Believers in holding concentrated portfolios may think a bit differently after reading J.P. Morgan’s report titled “The Agony and the Ecstasy: The risks and rewards of a concentrated stock position“ (hat tip to the Irrelevant Investor blog for highlighting the report) . According to the study, between 1980-2014, 40% of all stocks in the Russell 3000 index have fallen 70% where value was not subsequently recovered (what JP Morgan calls a “catastrophic loss”) and over their full “lifetime” 66% of all individual securities actually underperform the benchmark.
The report shows that certain sectors, like technology and energy, have higher catastrophic loss rates vs. sectors like financials and consumer staples. While recessions tend to up the number of stocks exhibiting catastrophic losses, the data shows that firms also fail during expansionary times. This is a fascinating report that shows a very small percentage of stocks are huge winners, and most significantly underperform the benchmark over time (see the chart below). Catastrophic loss rates have appeared to be declining over the last few years, which could be in part a consequence of the Federal Reserve’s ultra-low interest rate policies.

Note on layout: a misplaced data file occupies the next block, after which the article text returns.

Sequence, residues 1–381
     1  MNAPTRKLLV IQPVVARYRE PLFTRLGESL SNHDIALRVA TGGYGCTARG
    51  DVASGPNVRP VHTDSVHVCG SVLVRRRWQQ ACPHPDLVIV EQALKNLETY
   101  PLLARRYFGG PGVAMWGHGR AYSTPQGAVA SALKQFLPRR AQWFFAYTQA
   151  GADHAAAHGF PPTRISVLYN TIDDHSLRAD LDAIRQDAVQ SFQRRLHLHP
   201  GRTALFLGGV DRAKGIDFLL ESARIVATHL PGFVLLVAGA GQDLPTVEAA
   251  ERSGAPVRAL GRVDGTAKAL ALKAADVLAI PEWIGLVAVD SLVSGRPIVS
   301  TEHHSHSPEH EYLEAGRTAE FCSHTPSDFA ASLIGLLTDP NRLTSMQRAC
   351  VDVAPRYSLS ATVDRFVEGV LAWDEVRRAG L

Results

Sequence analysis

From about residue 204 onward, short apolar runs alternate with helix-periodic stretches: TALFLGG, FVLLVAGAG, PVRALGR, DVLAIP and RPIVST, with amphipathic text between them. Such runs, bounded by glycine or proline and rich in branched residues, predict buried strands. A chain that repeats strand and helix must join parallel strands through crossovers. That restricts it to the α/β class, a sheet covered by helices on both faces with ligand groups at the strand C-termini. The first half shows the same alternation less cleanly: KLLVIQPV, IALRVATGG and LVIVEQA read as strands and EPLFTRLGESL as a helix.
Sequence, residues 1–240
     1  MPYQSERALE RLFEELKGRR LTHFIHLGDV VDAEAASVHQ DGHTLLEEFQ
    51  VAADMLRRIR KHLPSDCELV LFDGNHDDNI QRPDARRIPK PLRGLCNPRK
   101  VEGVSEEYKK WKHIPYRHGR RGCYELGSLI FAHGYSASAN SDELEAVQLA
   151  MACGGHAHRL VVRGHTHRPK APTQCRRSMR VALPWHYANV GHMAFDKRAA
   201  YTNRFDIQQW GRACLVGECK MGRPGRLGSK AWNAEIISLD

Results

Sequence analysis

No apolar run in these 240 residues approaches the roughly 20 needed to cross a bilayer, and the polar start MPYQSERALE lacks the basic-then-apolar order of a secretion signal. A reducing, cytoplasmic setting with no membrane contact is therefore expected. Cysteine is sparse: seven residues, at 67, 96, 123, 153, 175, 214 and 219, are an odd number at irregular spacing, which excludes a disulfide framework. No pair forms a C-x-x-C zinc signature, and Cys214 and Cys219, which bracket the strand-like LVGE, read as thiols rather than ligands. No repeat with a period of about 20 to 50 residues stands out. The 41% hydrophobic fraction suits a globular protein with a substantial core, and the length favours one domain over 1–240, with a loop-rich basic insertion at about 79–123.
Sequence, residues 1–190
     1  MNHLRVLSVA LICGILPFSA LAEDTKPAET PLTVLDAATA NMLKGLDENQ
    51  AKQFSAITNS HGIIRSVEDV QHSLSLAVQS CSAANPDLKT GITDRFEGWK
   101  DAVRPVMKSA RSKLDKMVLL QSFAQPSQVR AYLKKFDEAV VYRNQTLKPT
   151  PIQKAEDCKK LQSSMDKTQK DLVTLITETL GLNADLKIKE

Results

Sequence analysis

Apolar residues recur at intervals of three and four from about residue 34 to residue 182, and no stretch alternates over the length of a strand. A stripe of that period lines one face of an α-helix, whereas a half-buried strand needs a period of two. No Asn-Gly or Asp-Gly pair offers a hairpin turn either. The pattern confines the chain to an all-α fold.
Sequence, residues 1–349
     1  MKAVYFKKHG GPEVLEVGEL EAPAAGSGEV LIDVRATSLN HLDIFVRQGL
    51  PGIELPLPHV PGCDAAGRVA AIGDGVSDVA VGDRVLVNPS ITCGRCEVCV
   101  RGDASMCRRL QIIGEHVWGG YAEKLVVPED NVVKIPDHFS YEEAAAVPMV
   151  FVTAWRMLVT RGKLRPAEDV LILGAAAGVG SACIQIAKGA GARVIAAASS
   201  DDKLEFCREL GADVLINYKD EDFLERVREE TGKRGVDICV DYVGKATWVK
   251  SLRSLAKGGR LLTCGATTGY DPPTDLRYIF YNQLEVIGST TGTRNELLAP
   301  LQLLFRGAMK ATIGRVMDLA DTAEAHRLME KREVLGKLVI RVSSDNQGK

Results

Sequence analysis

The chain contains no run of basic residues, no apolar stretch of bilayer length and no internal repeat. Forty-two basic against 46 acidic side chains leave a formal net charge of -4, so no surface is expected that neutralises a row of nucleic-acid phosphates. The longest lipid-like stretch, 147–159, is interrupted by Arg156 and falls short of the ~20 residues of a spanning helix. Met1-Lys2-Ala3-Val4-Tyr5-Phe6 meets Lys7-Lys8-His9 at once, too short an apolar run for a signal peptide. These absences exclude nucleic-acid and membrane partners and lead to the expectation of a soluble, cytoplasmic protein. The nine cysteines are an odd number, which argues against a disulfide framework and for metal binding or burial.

The key takeaway according to JP Morgan is that “75% of all concentrated stockholders would have benefited from some amount of diversification.”